When the microcontroller 111 has activated menu item “2” in the Decision DVD Menu, the DVD player 106 can check in the button statements section of this menu item whether the inserted amount of credit is greater than or equal to the item price. In case the total amount of inserted credit is smaller than the item price, the DVD player 106 will play a “low funds” video message. In case the customer did insert enough credit the DVD player 106 will play a random/sequential video clip. After the information video message or video clip has been played, the DVD player will play a Control Movie to signal the microcontroller 111 that the clip has been played and that the initial selected item can be dispensed through the dispenser unit 105 when the vend was successful.

The microcontroller program will only have to monitor the coin insertions on the background—to activate the Coin Insertion DVD Menu—and should not keep track of the total inserted amount of credit any longer. There is no need to store an internal table with item prices on the microcontroller 111. Item prices can be hard coded in the DVD program instructions on the DVD disc in the DVD player 106—which check if the total inserted amount of credit is greater than or equal to the item price—at the time of authoring the DVD disc.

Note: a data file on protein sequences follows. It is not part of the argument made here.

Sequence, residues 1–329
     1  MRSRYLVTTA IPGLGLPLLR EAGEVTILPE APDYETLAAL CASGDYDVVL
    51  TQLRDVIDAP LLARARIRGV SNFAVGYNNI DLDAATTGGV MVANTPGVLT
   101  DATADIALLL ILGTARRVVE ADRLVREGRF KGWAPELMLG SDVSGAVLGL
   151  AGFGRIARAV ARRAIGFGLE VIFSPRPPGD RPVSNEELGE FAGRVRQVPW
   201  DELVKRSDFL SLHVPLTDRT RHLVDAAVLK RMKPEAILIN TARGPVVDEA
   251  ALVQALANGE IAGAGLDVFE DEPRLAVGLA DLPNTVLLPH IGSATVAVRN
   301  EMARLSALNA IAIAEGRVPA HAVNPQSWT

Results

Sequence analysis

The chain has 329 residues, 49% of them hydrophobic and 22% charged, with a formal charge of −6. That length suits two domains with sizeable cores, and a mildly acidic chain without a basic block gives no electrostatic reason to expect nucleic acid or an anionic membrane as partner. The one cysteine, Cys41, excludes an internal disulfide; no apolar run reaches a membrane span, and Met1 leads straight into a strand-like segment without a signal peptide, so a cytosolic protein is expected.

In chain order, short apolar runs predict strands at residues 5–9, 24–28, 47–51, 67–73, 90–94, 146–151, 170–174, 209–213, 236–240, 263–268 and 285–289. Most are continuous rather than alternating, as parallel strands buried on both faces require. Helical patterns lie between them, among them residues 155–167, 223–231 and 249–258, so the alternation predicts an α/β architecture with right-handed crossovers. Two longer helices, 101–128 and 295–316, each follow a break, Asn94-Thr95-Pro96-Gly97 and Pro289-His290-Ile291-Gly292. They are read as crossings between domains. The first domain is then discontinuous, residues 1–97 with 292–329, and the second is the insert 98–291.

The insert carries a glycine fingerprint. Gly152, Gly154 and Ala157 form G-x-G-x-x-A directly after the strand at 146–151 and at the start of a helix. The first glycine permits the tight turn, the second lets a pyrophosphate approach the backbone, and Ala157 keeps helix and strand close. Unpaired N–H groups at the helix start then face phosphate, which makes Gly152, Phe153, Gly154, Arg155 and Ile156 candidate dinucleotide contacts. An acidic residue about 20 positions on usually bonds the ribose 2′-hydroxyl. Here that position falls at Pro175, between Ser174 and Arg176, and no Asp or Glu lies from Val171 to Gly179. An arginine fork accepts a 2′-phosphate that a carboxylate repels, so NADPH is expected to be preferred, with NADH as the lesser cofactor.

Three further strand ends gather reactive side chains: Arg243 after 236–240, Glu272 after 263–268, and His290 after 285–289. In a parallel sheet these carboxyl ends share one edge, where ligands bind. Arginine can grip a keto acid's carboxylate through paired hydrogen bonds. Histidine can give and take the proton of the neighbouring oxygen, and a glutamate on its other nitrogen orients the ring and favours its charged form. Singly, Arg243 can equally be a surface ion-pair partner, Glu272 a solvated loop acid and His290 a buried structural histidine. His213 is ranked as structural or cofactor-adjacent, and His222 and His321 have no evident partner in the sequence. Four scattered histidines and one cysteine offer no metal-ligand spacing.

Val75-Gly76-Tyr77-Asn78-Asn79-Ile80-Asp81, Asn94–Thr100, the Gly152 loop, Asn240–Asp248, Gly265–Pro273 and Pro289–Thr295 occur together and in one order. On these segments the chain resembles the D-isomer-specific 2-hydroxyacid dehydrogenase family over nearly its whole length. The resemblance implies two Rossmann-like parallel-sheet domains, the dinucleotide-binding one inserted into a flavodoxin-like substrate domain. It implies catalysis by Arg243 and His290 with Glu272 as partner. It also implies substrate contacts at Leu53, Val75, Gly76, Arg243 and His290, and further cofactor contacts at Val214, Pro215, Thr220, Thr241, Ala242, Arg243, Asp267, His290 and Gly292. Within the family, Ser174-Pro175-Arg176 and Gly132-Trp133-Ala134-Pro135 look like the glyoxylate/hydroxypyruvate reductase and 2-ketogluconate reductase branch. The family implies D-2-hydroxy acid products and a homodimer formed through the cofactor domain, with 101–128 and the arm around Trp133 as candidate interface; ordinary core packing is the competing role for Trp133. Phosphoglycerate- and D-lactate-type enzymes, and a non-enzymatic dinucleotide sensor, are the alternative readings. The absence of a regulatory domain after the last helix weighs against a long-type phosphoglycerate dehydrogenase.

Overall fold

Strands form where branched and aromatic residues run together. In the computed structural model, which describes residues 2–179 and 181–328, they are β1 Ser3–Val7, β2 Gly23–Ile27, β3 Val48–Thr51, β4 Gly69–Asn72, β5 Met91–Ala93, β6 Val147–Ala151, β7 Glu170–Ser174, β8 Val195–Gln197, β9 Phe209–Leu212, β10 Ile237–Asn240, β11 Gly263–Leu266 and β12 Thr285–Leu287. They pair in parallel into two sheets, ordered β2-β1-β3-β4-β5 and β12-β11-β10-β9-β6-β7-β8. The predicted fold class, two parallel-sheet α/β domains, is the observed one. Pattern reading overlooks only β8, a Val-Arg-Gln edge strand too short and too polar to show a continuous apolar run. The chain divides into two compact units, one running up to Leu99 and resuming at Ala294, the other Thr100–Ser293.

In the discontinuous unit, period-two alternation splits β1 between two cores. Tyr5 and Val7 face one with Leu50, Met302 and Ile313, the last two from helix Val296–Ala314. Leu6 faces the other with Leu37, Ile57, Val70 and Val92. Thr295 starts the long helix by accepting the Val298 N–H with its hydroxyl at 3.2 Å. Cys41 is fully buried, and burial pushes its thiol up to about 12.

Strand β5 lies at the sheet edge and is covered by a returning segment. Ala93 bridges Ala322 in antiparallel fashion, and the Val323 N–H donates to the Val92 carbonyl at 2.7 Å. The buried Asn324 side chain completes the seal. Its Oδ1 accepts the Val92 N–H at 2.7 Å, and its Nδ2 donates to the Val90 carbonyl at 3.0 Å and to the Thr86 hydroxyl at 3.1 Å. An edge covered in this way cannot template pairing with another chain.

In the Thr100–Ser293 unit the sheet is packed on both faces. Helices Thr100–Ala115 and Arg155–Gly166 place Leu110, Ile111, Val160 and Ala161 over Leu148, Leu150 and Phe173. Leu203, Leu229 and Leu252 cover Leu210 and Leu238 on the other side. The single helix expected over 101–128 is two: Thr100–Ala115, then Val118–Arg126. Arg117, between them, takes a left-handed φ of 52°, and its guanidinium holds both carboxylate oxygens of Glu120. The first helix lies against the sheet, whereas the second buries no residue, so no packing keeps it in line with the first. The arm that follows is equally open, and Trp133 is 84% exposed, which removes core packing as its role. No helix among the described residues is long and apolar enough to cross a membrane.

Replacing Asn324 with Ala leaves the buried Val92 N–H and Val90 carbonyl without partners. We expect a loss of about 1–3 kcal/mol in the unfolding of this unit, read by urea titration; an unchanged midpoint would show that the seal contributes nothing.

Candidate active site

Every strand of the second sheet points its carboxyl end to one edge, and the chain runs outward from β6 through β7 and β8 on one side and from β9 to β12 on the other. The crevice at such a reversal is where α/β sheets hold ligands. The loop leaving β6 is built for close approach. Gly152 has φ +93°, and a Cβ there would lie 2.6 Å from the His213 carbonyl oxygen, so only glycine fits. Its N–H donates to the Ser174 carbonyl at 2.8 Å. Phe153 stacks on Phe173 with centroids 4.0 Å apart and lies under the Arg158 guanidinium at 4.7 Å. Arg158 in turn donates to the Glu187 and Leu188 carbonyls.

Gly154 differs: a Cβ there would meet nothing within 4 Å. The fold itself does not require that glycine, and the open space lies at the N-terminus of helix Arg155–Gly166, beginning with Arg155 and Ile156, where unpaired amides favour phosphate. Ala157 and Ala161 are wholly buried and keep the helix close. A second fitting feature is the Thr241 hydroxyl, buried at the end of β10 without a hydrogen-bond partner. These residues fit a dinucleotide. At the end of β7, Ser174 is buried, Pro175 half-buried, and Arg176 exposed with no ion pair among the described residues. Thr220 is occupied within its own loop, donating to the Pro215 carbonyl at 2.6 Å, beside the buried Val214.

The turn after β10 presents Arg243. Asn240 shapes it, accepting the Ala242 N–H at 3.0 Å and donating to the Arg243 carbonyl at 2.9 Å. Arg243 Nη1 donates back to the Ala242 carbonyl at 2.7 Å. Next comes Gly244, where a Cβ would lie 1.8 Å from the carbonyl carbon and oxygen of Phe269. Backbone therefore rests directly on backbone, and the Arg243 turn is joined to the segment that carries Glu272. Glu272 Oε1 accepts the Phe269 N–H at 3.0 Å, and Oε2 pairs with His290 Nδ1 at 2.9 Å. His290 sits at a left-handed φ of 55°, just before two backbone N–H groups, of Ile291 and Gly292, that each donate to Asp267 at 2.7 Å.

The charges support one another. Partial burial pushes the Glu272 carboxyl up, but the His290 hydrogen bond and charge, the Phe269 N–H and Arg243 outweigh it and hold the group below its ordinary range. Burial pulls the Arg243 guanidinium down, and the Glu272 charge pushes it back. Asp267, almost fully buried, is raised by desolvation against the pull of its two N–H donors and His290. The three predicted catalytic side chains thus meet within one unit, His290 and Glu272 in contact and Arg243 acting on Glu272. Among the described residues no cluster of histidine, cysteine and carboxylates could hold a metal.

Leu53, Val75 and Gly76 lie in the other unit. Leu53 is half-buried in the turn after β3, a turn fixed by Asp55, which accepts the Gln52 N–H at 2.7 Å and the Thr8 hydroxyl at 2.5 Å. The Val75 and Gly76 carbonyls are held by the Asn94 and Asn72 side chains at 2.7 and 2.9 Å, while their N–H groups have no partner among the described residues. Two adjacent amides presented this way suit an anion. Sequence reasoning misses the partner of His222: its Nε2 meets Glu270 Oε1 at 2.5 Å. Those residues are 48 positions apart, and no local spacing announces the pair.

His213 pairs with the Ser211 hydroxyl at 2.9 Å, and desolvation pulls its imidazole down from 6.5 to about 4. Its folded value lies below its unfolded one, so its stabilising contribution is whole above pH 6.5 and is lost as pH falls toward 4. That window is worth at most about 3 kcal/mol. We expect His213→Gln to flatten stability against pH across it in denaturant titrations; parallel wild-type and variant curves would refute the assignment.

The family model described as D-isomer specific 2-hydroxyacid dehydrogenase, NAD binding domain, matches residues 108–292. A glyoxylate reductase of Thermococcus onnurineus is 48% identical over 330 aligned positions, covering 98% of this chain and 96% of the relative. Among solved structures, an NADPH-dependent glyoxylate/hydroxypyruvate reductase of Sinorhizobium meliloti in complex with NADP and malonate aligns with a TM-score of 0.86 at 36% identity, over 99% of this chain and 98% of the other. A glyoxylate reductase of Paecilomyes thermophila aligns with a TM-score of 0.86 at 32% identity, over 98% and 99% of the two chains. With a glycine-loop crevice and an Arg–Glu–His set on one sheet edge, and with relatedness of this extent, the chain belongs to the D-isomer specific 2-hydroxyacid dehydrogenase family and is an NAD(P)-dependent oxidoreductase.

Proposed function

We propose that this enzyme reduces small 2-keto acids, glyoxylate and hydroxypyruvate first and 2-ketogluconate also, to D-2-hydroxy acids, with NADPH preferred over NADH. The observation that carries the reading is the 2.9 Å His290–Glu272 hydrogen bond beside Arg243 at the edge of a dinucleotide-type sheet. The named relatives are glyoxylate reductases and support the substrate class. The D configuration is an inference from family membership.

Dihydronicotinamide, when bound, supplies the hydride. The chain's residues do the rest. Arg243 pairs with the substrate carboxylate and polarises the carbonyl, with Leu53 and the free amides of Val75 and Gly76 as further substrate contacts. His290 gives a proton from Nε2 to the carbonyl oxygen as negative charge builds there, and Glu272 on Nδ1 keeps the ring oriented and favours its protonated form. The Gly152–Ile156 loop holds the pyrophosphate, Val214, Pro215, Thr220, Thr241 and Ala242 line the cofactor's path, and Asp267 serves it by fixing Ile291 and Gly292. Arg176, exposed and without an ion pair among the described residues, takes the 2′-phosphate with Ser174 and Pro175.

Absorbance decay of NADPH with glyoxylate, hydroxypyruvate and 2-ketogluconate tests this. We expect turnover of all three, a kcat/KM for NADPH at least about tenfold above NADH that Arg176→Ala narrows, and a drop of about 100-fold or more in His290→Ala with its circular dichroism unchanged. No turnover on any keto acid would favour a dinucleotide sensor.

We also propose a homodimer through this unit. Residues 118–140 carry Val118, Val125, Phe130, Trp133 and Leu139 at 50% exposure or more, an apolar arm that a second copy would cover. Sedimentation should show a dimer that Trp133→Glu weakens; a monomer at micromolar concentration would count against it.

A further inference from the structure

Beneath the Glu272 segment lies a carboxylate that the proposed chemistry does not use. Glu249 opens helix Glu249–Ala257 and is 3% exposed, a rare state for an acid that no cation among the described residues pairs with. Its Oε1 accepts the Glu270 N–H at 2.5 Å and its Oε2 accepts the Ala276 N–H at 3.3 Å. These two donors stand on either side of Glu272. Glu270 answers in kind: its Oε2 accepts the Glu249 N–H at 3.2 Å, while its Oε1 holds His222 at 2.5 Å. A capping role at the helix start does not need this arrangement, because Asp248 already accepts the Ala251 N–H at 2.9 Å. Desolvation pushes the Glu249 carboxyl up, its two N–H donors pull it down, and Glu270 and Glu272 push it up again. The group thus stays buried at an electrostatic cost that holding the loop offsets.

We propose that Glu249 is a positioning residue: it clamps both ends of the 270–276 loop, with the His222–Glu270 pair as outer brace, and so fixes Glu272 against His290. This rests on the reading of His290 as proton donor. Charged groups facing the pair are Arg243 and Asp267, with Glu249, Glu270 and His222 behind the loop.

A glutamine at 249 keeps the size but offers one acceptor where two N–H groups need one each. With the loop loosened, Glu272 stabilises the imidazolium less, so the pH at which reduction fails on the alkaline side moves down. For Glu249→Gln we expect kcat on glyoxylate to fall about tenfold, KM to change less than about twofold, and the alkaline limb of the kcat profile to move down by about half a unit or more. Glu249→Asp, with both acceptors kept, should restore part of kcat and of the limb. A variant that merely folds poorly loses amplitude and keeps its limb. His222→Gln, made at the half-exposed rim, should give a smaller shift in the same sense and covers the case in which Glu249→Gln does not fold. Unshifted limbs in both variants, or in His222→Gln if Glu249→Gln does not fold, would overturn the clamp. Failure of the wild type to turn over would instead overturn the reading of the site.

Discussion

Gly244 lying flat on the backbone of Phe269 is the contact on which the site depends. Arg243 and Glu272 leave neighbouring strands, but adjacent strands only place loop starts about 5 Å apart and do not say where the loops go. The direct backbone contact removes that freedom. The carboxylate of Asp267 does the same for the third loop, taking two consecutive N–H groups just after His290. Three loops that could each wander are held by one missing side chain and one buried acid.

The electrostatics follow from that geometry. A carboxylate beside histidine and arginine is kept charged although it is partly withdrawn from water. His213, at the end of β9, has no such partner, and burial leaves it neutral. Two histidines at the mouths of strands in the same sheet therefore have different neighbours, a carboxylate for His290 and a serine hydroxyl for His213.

Having discussed basic interfacing methods between the DVD player 106 and the microcontroller 111, we will now discuss a more advanced communication method between the DVD player 106 and the microcontroller 111.

The previous methods and techniques of Control Movies can be used to signal a byte command and proceeding parameters from the DVD player 106 to the microcontroller 111. In a Video Control Movie one can represent a byte by using 8 rectangular areas on the screen. To inform the microcontroller 111 that the optical sensor unit 109 should be read, a 9th rectangular area can be used. When the 9th rectangular area flashes from black to white, the microcontroller 111 will detect an incoming byte and reads out the byte value by decoding the 8 sensors of the optical sensor unit 109. Each rectangular area can be either a black or white rectangle representing the two logical values of a bit: black represents logical value “0”, white represents logical value “1”.

The actual decoding of sensors in the optical sensor unit 109 by the microcontroller 111 can be implemented in different ways. People skilled in the art realize that one of the possible variations is a sensor block that decodes 8 sensor values in to a byte connected to an input port of the microcontroller 111. The sensor used to signal the incoming byte can be connected to the interrupt decoder of the microcontroller 111.